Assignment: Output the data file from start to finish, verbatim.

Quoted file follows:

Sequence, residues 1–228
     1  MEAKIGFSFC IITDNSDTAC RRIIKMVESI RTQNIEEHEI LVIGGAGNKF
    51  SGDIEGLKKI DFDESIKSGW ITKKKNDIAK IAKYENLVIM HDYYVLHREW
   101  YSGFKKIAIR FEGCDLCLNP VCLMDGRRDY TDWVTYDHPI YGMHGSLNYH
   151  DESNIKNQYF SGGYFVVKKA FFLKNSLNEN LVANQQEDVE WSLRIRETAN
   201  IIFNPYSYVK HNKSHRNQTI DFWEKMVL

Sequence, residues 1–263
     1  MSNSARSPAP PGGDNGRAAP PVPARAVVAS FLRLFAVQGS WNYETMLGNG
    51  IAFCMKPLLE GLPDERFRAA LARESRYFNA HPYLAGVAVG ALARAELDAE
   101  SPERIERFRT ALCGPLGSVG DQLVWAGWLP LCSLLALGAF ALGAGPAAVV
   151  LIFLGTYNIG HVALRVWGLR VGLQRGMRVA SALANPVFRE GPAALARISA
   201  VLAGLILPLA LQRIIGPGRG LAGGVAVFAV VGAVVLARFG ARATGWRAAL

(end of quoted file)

Sequence, residues 1–228
     1  MEAKIGFSFC IITDNSDTAC RRIIKMVESI RTQNIEEHEI LVIGGAGNKF
    51  SGDIEGLKKI DFDESIKSGW ITKKKNDIAK IAKYENLVIM HDYYVLHREW
   101  YSGFKKIAIR FEGCDLCLNP VCLMDGRRDY TDWVTYDHPI YGMHGSLNYH
   151  DESNIKNQYF SGGYFVVKKA FFLKNSLNEN LVANQQEDVE WSLRIRETAN
   201  IIFNPYSYVK HNKSHRNQTI DFWEKMVL

Sequence, residues 1–263
     1  MSNSARSPAP PGGDNGRAAP PVPARAVVAS FLRLFAVQGS WNYETMLGNG
    51  IAFCMKPLLE GLPDERFRAA LARESRYFNA HPYLAGVAVG ALARAELDAE
   101  SPERIERFRT ALCGPLGSVG DQLVWAGWLP LCSLLALGAF ALGAGPAAVV
   151  LIFLGTYNIG HVALRVWGLR VGLQRGMRVA SALANPVFRE GPAALARISA
   201  VLAGLILPLA LQRIIGPGRG LAGGVAVFAV VGAVVLARFG ARATGWRAAL